When it came to mid-season in January 2015, many were quick to write-off Hart Hanson’s Backstrom as another House knock-off about a piece of crap main character with a God complex. However, upon further examination, it’s clear to see why that fact is simply untrue. Rather, upon deeper analysis, Backstrom reveals itself to be something much more than the average procedural while still also acting as an homage to ’70s cop shows.
Part of House’s dynamic came from the idea of how far the character could corrupt the people around him through cynicism. Many of the show’s struggles grew from watching the supporting cast step over their personal lines of morality again and again and again because they were simply following the genius doctor who was operating unchecked at the hospital. The big question was always, “what’s this character’s breaking point? Where do they finally decide House’s behavior has grown too corrupting?” Ultimately, what one roots for in House is the character’s redemption not for himself, but for the sake of those around him. Backstrom, however, operates on the opposite end of the same scale.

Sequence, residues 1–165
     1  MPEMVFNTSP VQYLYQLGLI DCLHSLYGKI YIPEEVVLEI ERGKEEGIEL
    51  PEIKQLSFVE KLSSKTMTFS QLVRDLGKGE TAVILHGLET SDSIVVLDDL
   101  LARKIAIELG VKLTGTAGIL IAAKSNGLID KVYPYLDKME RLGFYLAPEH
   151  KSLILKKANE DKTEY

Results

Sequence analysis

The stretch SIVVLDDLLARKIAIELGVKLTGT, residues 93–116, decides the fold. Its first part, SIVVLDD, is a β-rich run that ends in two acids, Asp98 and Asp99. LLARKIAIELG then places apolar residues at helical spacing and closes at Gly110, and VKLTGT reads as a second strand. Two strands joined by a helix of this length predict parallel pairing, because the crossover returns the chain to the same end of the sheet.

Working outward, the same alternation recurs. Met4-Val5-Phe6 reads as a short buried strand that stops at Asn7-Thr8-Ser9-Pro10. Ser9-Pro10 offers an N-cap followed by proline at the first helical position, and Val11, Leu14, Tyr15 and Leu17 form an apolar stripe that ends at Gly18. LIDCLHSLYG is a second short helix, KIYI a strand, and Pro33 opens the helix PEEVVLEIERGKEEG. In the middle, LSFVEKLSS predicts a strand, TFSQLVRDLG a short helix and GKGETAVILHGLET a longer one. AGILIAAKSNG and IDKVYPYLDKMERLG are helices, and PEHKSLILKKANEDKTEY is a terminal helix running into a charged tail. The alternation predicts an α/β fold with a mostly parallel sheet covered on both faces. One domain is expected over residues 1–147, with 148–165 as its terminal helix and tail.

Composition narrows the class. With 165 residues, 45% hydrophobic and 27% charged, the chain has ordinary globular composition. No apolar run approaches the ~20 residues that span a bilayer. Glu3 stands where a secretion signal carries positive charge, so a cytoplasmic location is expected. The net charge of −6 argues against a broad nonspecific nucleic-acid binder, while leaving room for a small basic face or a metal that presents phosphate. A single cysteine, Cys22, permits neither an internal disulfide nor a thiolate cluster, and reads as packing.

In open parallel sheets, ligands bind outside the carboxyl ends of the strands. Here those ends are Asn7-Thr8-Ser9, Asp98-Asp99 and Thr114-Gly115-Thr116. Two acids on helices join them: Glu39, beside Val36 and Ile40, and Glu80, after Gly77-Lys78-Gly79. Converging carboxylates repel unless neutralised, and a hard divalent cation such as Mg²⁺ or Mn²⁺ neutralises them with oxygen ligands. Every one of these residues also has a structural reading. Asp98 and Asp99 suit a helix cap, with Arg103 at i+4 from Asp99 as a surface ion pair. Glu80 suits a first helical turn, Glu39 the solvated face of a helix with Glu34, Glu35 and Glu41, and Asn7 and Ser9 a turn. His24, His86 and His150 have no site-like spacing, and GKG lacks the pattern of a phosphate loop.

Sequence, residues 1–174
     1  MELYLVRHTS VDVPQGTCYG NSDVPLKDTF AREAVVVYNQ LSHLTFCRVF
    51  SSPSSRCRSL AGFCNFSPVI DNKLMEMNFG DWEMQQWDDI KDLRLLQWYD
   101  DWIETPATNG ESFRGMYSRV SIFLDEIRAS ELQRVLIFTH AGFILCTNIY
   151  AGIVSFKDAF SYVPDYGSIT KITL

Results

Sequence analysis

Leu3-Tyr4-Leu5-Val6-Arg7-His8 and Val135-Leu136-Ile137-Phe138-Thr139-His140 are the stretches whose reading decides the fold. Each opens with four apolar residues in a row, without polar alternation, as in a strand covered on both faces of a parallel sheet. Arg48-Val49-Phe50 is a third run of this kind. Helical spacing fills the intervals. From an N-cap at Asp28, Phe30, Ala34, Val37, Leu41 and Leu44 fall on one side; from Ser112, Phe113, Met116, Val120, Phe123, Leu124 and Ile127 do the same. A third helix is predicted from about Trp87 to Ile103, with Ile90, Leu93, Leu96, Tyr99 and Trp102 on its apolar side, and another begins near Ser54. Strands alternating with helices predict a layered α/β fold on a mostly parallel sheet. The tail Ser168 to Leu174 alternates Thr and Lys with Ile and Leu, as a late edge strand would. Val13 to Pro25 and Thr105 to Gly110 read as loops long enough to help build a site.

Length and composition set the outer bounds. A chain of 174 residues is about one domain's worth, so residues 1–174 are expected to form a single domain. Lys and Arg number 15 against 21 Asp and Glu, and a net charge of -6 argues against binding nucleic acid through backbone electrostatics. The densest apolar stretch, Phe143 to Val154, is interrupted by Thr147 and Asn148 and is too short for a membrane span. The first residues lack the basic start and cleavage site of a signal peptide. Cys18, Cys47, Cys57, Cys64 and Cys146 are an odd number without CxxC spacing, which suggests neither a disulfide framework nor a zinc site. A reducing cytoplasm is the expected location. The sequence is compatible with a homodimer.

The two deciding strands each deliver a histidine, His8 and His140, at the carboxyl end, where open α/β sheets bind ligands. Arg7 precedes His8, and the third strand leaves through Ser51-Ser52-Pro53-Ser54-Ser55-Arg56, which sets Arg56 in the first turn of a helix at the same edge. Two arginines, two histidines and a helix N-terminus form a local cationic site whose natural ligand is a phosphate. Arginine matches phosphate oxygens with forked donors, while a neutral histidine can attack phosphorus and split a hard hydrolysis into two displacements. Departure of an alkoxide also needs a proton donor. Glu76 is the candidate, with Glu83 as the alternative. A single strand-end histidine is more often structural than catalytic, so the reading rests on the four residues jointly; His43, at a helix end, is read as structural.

In the Hart Hanson show, you root for the character’s downfall. No matter how hard Everett tries, he simply can’t corrupt the incorruptible. He can’t force his colleagues, who operate at supremely high levels of joy, to change their by the book ways no matter how much he barks or threatens to bite. He may be a genius cop, but unlike Gregory House, Everett Backstrom does not work unchecked, and it’s that dynamic that plays to the series’ advantage in a big way. To argue the show doesn’t deserve a season 2 because it’s a “House knock-off” is to argue a position that couldn’t be further from the truth.